A waitress in Stuart was so excited to tell us about the hidden gems in her town that she wrote down her “must see” list on the back of the proverbial napkin. Her highlight was “Blowing Rocks”, a natural phenomenon at the local beach where the incoming tide, aided by a favorable wind, sends water through porous beach rocks and creates a kind of surging geyser. Very cool. The owner of a tack shop we visited for an “emergency” equipment fix spent 33 years in Oklahoma trying to move back to NY. Banter with her about “fraidy pits” led to a side trip to the local Italian deli for lunch on a day when we were at risk of defaulting to Subway. I literally bumped into a woman pouring coffee in the French bistro where we got breakfast each morning. Her accent said Massachusetts; sure enough, she was from Worcester. When I told her I was from Southbridge she asked if I was French. I sent her off giggling with my Mass/Rhody/Canuck patois ringing in her ears.

But it was two more significant instances of “talking with strangers” that really made the second leg of our Florida adventures memorable. Our outbound departure was kind of a disaster. I knew that my back tires needed to be replaced. It was my plan to do it in the beginning of the week when we returned. Honest! Really, I was. So of course we had a blow-out on the way to the airport. Thankfully it happened about 200 yards from an exit on the highway, and we limped into a gas station/convenience store right across the street from the off ramp. Out comes a stranger, a young man in a pulled-up hoody, who looked over and asked if we were OK.

Turns out he was a tire mechanic! More than that, he is a tire mechanic who talks to strangers. Here we were with a totally flat tire, 35 or so miles from home and still 15 miles from the airport. Now, anyone who knows Beth is assuming that she was just gonna change that tire, impressing the crap out of that tire mechanic along the way. Of course she was. She can do pretty much anything. Except that our car doesn’t have a spare since it is shod with “run-flat” tires. Even Beth had no idea what that really meant. Our new friend the tire mechanic pulled an air compressor that you plug into your car and tried to pump nus up. No love. An inspection of the tire revealed a tear the the sidewall/tread junction. So it was 15 miles of back roads at 35 miles and hour (the run-flats supposedly will go for 50 at 50mph) with the blessing of the stranger/expert who was willing to talk with us.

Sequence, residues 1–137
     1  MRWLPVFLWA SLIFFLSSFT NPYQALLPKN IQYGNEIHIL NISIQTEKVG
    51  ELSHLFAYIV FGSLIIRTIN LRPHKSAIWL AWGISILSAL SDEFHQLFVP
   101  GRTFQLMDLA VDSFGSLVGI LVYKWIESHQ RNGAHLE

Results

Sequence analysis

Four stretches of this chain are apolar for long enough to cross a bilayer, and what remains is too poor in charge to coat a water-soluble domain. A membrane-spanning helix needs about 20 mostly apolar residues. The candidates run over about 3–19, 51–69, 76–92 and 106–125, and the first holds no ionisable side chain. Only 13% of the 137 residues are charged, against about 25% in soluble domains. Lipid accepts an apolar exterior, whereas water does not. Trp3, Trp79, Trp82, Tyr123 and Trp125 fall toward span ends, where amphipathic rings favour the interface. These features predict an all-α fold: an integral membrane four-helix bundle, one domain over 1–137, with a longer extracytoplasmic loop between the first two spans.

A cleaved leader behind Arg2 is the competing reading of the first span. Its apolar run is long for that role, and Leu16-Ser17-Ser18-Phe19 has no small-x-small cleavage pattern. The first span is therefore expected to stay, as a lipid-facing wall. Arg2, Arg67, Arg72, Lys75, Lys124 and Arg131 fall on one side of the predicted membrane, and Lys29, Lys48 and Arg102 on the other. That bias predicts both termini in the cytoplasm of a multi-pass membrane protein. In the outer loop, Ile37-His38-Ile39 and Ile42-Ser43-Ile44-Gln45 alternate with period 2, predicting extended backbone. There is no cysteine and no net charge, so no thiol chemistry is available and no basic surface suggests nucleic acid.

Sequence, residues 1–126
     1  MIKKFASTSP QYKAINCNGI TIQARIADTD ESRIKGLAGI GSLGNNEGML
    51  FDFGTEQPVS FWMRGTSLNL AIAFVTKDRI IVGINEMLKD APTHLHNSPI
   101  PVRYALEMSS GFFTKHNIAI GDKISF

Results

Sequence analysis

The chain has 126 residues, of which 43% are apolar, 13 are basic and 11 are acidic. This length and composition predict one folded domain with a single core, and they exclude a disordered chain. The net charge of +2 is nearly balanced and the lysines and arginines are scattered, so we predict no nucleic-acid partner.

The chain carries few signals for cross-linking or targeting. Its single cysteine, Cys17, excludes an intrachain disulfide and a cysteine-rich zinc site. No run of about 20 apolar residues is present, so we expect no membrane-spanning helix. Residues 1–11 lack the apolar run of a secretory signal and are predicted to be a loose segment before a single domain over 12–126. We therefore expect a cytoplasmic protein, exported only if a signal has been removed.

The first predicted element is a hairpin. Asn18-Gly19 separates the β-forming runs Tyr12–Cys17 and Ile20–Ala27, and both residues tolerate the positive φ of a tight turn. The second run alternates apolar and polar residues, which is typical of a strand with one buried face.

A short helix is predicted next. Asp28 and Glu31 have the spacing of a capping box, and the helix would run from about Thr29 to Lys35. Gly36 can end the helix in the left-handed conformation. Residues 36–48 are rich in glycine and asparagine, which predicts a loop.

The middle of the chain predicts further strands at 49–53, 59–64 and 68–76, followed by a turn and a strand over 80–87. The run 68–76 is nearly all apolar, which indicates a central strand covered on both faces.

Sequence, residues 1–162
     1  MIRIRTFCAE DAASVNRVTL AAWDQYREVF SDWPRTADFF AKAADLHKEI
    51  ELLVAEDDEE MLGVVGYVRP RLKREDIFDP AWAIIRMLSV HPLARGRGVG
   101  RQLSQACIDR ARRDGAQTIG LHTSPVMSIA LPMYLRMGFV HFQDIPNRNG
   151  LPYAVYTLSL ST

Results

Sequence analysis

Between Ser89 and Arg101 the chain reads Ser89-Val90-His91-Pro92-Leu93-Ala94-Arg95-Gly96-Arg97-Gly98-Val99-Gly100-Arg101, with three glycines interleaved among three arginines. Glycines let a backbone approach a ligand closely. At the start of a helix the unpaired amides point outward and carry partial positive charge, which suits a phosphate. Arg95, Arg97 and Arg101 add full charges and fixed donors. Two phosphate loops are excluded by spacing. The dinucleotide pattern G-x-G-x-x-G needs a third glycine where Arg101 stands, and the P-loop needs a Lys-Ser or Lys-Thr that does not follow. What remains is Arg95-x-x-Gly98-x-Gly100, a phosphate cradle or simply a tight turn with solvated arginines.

And if we hadn’t gotten on that plane we never would have struck up a conversation with Max!

Meeting Max was a classic in the “talking with strangers” canon. Anyone who reads my drivel (or who followed my adventures “Drinking with John Starr” on Facebook) knows that I have a ton of fun with wine and spirits. I also have this little quirk, always on the lookout for something new, and preferably different from what everyone else might be drinking. Anyway, there we were at the festival that is Total Wine and More in Wellington, a store so fabulously stocked with spirits unobtainable in Ohio that we make an annual pilgrimage. We were there to pick up the ingredients for a cocktail to accompany that evening’s crab fest, and I planned to seek out a couple of prized, “can’t get ’em” aged rums.

Which is where Max came into the picture. One of the store managers suggested a couple of his favorite rums and offered us a taste. Max tagged along and proceeded to give a 3 minute master class in tasting rum. The fact that I agreed with his off-the-cuff tasting notes as he eviscerated the poor manager’s suggestions prompted me to invite him back to the rum aisle to review my purchases and make suggestions. It turns out that his entire career has been in the spirits industry specializing in rum. It’s a rather longish story from here, but the Reader’s Digest version is that he changed half of my selections at Total, and then hunted down 3 gems for us while he was shopping for himself in Miami the next day. Oh yeah, and when he delivered them to our VRBO he brought along all of the fixin’s and made us one of the best Mai Tai’s Beth and I have ever had!

The moral of this story is easy and it is obvious: a map is nothing more than the “where” of where you are going. What makes being there worth the trip is the “who” that you encounter once you’ve arrived. The adventure of actually being in the places you see on the map more often than not begins with, or is certainly much more interesting, when you talk to strangers. It’s easy, and it’s fun. Tonight we will make a Mai Tai, raise our glass, and offer a hearty toast to Max and the other strangers to whom we talked, and who helped make our trip an adventure.

I’ll see you next week…